July 15, 2024

Bucks Blog: Wrestling With Halloween Cost Creep

A Halloween display in Decatur, Ga.European Pressphoto AgencyA Halloween display in Decatur, Ga.

Halloween used to be a one-night event. When I was a kid, my mother helped me and my brothers put together costumes — usually, homemade. We carved a pumpkin. Maybe we bobbed for a few apples. We went trick-or-treating in our neighborhood. We tried to con each other into trading candy we liked better. And that was it, until the next year.

Times have changed. Halloween has morphed into days — even weeks — of October parties, festivals and candy giveaways that strain budgets and overload youngsters with more sweets than my Milky Way-addled childhood brain could ever have imagined. There’s no need for sibling bargaining, when everyone has an overabundance of treats.

I find this “holiday creep” annoying, not to mention potentially fattening, as well as expensive. The average American will spend nearly $80 on decorations, costumes and candy this year, up from $72 last year, according to the National Retail Federation. Total Halloween spending is expected to be about $8 billion.

It’s not that the organizers of all the extra events aren’t well intentioned. Last week, my children attended a “fall festival” (it involves costumes and candy, but is apparently named so as not to put off those who object to Halloween). It was a fund-raiser for a very deserving local charity. But bringing two children, plus a friend, totaled $60 for the night. (I realize I have free will, and could simply have chosen not to go. But it gets harder to sit out when excess celebration is becoming the norm, and all of your children’s friends are attending, too).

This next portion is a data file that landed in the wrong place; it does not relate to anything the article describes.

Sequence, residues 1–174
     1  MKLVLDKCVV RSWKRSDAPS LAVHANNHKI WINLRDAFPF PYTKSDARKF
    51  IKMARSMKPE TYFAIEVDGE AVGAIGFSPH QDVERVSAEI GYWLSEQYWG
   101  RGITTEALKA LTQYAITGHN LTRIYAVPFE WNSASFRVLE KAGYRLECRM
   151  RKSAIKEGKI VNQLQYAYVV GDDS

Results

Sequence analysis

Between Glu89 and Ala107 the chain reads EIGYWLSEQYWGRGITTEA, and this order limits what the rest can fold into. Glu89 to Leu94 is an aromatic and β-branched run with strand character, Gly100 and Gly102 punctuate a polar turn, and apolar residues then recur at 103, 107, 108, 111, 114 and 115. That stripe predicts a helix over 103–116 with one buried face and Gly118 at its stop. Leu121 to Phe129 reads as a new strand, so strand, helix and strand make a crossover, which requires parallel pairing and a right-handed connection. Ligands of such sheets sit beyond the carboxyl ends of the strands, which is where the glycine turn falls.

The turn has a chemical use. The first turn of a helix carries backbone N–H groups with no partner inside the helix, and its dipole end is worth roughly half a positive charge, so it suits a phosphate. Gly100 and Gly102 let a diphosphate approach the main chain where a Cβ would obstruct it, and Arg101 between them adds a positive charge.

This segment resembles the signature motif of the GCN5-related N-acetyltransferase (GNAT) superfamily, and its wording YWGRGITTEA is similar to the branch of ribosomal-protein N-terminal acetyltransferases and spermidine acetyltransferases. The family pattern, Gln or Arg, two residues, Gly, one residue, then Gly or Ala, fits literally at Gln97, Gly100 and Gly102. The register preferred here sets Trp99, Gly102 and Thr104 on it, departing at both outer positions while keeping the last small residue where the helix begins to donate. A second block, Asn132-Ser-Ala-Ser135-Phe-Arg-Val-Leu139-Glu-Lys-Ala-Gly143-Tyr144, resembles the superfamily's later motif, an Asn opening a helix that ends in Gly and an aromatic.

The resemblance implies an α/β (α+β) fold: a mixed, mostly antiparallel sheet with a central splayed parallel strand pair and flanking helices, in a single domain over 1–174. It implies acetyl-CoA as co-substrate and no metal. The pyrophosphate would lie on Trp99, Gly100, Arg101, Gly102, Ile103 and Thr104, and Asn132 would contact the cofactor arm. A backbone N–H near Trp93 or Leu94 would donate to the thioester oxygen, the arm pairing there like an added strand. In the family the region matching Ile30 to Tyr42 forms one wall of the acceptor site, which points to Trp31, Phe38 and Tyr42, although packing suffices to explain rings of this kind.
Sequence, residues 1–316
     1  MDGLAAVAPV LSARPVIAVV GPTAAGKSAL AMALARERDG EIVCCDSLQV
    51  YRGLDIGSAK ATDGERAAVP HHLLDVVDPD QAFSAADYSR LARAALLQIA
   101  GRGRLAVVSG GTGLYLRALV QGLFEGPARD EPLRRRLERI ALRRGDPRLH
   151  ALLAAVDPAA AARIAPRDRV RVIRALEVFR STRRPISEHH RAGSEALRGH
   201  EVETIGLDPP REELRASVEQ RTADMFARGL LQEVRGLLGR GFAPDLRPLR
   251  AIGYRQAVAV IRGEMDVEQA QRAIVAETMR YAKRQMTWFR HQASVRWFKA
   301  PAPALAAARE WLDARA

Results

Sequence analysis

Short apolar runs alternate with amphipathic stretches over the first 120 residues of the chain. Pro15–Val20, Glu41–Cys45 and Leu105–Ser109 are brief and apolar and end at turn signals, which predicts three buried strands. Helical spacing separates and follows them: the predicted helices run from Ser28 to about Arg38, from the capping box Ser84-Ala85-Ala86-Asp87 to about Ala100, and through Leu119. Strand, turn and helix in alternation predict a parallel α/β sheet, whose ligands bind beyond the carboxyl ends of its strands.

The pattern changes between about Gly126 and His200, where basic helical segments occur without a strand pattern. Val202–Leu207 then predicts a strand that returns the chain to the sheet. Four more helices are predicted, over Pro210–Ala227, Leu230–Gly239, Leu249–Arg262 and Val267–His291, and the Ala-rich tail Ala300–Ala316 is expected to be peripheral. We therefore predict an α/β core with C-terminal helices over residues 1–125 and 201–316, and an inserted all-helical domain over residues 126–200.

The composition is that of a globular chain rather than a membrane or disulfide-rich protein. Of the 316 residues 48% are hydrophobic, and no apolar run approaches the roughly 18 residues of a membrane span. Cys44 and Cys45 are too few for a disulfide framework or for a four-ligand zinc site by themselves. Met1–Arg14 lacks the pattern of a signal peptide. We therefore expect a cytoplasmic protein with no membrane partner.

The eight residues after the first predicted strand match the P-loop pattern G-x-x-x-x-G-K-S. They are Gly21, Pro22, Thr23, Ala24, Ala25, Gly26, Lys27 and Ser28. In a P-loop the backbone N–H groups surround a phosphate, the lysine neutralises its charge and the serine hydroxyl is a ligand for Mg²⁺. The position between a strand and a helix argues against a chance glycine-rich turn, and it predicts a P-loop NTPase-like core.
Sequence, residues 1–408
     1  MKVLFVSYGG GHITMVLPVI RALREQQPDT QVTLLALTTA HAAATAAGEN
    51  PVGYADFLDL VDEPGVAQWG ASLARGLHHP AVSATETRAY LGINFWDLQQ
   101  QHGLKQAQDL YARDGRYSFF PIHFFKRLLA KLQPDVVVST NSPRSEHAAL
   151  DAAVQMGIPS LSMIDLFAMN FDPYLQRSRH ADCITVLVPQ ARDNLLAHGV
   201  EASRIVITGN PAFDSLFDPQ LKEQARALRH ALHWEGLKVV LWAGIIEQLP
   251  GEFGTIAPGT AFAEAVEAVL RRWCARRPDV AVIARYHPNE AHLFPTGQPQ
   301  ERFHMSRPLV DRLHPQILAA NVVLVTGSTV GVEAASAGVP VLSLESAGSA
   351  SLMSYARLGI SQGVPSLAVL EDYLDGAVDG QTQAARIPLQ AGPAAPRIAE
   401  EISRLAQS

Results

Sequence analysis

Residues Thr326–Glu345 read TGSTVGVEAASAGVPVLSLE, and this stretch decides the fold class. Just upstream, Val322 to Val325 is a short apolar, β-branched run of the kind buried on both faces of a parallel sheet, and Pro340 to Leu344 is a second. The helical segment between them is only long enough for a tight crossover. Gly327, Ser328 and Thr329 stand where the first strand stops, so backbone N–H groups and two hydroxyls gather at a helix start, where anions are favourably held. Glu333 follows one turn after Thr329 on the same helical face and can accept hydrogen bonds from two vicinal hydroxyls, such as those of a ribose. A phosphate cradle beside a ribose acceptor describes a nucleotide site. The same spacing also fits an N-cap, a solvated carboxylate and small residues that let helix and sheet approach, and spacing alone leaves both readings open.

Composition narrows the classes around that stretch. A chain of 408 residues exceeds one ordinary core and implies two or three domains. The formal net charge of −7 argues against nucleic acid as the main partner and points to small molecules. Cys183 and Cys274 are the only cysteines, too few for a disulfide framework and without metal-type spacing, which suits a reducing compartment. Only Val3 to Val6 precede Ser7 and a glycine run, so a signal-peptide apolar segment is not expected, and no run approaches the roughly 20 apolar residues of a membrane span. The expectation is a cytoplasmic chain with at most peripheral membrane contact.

Today, my younger child had a celebration at school. (Call me a party pooper, but I didn’t bake cupcakes.) And this afternoon, my offspring will go trick-or-treating at their dad’s workplace, where employees elaborately decorate their cubicles for the holiday to entertain the kids. Finally, at dusk, we’ll venture out into the neighborhood for the actual door-to-door event.

In addition to being tiring, the cost of all this partying adds up. Unless you’re adept at homemade costumes or have time to browse thrift shops, you’ll pay about $15 to $20 per child for an out-of-the-bag get-up, and three to four times that if you order from a higher-end catalog. If your child is the messy type, you may need more than one costume for the different events, which adds to the cost. (My youngest was a vampire for the fall festival, but agreed – whew! – to recycle a Pocahontas costume from a school play for the “official” trick-or-treat outing.) This year we’re pet owners, so my kids begged for a pumpkin sweater for the dog. (O.K., I do have to admit that she looks really cute).

By the time we’re finished, we’ll have shopping bags full of candy. This is the situation that leads parents to turn to the “Halloween fairy,” who takes away excess treats in exchange for a toy, which adds to the cost further. But wouldn’t it make more sense to scale back the excess in the first place?

How do you keep the lid on Halloween, without appearing to be a killjoy?

Article source: http://bucks.blogs.nytimes.com/2012/10/31/wrestling-with-halloween-cost-creep/?partner=rss&emc=rss

Speak Your Mind